Bending Towards Justice in Independent Education

On Monday, I had the honor to walk alongside 35 members of The Bush School community–parents, teachers, staff, administrators, Trustees, alumnae/i, students and Friends of Bush–from Garfield High School to the Jackson Federal Building in Seattle’s annual MLK March. The march, now in its 35th year, honors the legacy of Dr. Martin Luther King, Jr., who would have celebrated his 88th birthday on Sunday. The theme of this year’s march was “Stop the Hate! Come Together” and was open to “everyone who honors the goals and methods of Martin Luther King, Jr.”
Dr. King’s goal of securing racial equality through peaceful, nonviolent resistance is almost universally accepted today, and Dr. King remains one of the most admired figures in American history. In 2011, Dr. King boasted a 95% favorability rating, with over two-thirds of respondents indicating that they thought highly—rated 4 or 5 on a five-point scale–of the slain civil rights leader. Clearly, the country’s feelings toward Dr. King have evolved over time. Largely beloved and revered by Americans today, in 1966, only 37% of Americans had a favorable opinion of Dr. King, and 44% held a strongly unfavorable opinion him. Why has Dr. King’s message grown more resonant with the passage of time? 
Perhaps our opinion of Dr. King has improved because wishing for racial equality is easier than practicing it. We must remember that progress, like love, is an action verb. And while our attitudes about how we live with and treat others of different backgrounds have changed, recently we have seen incidents of racial harassment on campuses increase This is happening nationally—according to the National Association of Independent Schools (NAIS)—here in Seattle, and even at The Bush School. Dr. King believed that the most persistent and urgent question for us as a society was “what are we doing for others?”.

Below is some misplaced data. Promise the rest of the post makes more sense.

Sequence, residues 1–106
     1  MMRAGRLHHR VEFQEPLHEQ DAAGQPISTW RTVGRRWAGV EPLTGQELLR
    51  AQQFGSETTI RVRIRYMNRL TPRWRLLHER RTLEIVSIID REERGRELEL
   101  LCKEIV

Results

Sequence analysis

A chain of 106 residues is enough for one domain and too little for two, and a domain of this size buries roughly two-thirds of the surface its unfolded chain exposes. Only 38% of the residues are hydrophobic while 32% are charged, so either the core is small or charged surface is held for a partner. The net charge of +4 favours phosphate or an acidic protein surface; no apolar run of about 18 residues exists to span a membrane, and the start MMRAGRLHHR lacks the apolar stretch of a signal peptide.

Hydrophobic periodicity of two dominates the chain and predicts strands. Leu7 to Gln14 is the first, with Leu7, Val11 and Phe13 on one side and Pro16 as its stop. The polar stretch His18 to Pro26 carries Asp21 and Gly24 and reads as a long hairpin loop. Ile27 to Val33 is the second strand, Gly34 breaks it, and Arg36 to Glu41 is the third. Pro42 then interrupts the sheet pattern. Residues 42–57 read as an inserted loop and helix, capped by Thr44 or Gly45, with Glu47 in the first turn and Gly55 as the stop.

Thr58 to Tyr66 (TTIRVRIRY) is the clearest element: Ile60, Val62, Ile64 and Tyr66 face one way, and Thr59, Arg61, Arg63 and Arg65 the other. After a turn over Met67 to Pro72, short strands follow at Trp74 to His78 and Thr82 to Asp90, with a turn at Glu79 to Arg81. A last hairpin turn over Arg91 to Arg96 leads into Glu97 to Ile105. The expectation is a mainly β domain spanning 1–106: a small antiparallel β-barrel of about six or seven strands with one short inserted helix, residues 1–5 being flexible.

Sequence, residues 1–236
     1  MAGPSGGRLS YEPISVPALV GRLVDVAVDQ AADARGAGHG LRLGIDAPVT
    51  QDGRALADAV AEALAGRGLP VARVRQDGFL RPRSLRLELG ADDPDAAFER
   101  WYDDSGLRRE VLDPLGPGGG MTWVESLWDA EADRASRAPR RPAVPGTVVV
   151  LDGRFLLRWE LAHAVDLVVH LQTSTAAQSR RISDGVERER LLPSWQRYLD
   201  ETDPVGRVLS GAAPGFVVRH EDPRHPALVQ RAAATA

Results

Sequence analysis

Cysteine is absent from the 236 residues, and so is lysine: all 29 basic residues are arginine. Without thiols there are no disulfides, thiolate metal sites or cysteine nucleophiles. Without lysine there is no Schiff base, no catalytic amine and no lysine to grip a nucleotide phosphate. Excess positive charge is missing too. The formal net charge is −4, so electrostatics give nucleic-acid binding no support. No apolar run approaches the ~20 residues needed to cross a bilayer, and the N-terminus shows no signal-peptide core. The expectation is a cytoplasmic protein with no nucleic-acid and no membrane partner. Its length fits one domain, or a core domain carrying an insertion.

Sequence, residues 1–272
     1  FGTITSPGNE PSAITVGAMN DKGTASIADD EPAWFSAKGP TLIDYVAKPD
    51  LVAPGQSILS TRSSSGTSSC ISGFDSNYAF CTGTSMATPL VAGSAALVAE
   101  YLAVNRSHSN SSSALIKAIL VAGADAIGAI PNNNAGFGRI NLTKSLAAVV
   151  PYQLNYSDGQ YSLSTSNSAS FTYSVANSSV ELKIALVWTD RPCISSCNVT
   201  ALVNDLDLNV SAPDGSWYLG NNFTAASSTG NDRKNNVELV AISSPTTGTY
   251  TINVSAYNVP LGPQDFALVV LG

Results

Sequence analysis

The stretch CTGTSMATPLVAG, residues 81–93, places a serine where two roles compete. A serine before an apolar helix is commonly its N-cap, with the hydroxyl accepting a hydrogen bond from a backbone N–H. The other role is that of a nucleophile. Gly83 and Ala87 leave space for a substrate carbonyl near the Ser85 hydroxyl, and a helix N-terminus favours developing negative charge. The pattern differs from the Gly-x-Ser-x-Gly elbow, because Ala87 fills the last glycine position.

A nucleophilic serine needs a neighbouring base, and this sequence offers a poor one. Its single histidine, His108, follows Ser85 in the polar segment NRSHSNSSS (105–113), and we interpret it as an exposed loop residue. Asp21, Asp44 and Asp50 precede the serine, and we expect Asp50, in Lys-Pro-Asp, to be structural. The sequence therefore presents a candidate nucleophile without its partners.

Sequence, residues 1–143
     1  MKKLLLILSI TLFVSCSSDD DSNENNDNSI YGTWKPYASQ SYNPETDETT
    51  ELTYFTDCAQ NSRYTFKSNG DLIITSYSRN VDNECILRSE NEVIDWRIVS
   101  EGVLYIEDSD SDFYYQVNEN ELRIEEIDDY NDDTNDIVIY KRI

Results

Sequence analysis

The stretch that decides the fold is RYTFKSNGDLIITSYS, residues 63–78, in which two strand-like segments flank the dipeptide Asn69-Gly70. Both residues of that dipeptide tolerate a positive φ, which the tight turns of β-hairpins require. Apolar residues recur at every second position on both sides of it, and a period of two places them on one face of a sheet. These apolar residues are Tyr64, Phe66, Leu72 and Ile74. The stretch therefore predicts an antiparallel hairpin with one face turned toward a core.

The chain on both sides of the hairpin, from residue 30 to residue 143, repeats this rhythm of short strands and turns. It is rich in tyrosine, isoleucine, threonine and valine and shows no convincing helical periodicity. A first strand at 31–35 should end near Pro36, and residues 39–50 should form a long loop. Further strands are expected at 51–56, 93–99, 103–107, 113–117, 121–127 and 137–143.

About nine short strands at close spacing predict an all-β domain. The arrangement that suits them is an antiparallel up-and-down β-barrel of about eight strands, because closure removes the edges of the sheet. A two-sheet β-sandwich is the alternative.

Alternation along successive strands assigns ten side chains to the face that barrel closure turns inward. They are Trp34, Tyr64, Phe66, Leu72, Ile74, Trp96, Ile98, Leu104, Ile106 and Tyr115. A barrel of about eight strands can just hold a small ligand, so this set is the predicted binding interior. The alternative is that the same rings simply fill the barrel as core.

This is a question that our students and faculty try to answer daily. The Bush School has set a course for dialogue and action. With groups like the Student Awareness Council, White Students Combating Racism, Bush Babes, Blazers of Color, and People for Equality, our students spend time learning about one another, their different identities, and their common experiences. Our faculty and staff use affinity groups, Peacemaking Circles, and Jeffersonian-style dinners to break bread and to break down barriers of misunderstanding and mistrust. We want to invite you to join in these conversations. This spring we will host two parent education talks focused the racial climate in our community and how to talk with our children about race (dates are still tentative). Below are resources that school leaders within our regional and national associations have circulated to begin the conversation.
Last Monday, along with thousands of supporters, the Bush community marched proudly in support of Dr. King’s legacy, and pledged to “Stop the Hate” we see around us. Those of us who walked, laughed, shared stories of our families, and embraced the cold and the crowd are committed to building a just and loving society. We’ve decided “that hate is too much of a burden to bear”.
It may have taken decades for Americans to fully embrace Dr. King and his message. However, like King, I believe that while “the arc of the moral universe is long it bends towards justice.”
NAIS’ Call to Action – Make our values known
The importance of teachers learning to discuss race.
How kids learn about race
Talking to your child about race
Dyspelling Myths
Gallup Poll Citation